Japanese investment in India is nothing new. A classic case is that of Japanese carmaker Suzuki Motor's stake in Maruti Suzuki, which sells half the cars bought in India. And so it should come as no surprise if Japanese steel makers are also planning to follow suit. At present Japan is beset with a host of problems not least of which is a shrinking domestic market and increasing competition. And so Japanese companies are looking to capitalise on growing steel demand overseas and India seems like the most likely choice. The reasons are not hard to find. Besides the fact that India is among the fastest growing among the emerging economies, a growing auto market, emphasis on building infrastructure by the government and new housing construction are some of the factors that will further bolster the rising demand for steel. And this seems to have increased India's attractiveness in the eyes of Japanese steel makers. What is more, as reported in the Wall Street Journal, CLSA expects steel demand to rise by 10% in FY12 and will pick up to 12% subsequently.
However, Indian steel makers are among the lowest cost producers in the world and for Japan to have a competitive edge it will have to invest in manufacturing capacities in the country if it wants to compete on a level playing field. Secondly, Japanese players may have to contend with a problem of oversupply which could arise if both Indian and Japanese players choose to increase capacities. Whatever be the case, Indian steel companies will have to gear up for some competition in the years ahead.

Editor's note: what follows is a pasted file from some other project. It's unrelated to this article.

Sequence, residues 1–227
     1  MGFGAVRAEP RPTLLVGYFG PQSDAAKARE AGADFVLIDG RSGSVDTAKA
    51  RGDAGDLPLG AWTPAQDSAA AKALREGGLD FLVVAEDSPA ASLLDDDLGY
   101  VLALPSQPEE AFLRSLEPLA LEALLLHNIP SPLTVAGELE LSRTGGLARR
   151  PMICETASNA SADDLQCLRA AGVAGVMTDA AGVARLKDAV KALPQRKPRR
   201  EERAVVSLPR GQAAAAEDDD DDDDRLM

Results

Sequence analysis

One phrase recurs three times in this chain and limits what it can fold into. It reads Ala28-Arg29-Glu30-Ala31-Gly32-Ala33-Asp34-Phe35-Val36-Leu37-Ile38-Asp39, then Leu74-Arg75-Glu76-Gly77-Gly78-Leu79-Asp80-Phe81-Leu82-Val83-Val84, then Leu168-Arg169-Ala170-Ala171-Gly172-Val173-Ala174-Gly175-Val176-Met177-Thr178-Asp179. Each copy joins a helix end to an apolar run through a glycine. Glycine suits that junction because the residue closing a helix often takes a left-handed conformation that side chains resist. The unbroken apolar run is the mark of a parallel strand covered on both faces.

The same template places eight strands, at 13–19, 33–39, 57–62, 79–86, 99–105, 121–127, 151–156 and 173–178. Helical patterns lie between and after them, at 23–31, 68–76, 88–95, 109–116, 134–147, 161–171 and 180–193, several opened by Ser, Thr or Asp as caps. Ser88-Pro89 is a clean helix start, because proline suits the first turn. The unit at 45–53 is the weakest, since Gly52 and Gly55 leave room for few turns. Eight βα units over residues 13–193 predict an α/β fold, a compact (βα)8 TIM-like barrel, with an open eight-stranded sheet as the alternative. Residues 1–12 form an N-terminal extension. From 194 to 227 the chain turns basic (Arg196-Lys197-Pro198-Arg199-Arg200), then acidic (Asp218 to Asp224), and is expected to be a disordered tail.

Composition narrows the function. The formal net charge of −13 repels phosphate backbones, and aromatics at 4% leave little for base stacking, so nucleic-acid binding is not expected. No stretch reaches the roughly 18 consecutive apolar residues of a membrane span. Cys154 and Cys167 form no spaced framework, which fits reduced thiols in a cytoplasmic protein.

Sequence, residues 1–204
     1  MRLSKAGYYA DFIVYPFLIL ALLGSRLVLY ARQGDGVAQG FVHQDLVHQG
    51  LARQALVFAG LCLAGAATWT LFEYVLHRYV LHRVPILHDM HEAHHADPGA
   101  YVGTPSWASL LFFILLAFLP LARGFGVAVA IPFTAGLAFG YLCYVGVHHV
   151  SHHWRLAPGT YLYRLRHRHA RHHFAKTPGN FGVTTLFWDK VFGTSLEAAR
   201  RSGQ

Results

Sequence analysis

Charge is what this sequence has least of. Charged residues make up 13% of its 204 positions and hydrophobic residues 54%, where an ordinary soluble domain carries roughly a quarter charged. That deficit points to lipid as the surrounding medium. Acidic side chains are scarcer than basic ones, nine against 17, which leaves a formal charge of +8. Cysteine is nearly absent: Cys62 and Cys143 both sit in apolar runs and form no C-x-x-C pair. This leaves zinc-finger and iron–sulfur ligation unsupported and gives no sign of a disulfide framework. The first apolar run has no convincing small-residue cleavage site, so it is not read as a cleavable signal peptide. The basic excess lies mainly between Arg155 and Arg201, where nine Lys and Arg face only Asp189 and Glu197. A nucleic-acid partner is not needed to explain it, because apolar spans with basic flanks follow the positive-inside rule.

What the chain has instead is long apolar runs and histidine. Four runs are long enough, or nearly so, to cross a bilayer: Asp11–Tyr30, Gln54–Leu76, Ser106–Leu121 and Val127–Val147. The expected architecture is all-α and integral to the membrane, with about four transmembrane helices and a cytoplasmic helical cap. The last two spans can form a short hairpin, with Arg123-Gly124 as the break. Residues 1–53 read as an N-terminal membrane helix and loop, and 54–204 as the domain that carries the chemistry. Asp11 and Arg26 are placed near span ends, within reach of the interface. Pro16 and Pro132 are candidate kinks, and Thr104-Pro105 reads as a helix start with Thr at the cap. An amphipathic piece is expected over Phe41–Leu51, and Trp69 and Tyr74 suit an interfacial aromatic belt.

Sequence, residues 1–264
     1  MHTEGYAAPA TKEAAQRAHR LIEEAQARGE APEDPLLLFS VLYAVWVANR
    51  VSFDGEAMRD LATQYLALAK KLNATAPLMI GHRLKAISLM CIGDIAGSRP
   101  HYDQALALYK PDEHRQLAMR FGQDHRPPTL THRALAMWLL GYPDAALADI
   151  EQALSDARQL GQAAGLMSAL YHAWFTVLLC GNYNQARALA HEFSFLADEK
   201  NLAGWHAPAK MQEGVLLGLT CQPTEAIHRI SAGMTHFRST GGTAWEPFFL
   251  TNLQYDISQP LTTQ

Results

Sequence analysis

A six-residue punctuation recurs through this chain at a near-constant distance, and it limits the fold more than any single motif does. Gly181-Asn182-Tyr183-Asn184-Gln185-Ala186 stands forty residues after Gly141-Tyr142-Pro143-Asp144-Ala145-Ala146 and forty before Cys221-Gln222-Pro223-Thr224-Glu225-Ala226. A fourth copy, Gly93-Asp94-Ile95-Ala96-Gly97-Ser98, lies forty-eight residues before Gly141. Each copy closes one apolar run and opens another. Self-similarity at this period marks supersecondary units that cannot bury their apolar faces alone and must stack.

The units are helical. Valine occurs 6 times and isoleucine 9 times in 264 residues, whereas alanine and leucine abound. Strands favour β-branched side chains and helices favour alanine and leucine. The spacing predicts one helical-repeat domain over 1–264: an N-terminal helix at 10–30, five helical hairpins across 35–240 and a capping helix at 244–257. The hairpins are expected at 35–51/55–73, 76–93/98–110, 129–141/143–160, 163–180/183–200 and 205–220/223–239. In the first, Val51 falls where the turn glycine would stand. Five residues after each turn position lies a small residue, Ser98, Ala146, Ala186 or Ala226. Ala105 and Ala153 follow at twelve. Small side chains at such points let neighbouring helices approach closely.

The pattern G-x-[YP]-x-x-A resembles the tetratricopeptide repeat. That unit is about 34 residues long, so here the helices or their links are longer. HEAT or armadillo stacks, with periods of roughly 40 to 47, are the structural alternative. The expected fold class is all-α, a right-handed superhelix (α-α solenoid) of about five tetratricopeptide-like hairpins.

No respite on the deficit front
FY09 saw India's fiscal deficit zoom to 6.2% of GDP. This deficit is expected to widen to 6.8% of GDP in FY10. What with interest payments, salaries to government employees and subsidies eating away into its revenues and the government introducing stimulus measures to spur the economy, the surge in fiscal deficit is hardly surprising. Interestingly, as reported in the Wall Street Journal, the Finance Minister Pranab Mukherjee expects to cut fiscal deficit to 5.5% next fiscal year and then shrink it to 4% a year later. But this could prove to be challenging. For starters, what the government needs to focus on is the curtailment of expenditure (especially on the revenue front), a fact which has not been witnessed in previous fiscals and which seems unlikely in near future as well.
Ideally for an emerging economy like India, spending on social sectors such as education, agriculture and healthcare is of paramount importance. The problem is that while the Indian government may not curtail this spending, the strained fiscal position does not leave it much headroom to increase this spending either. Of course, tax revenues will provide respite but from a longer term perspective it will be important to reduce the expenditure by improving productivity and efficiency. Therefore, while the government's aim to bring this fiscal deficit down is certainly a step in the right direction, it remains to be seen how it chooses to go about it.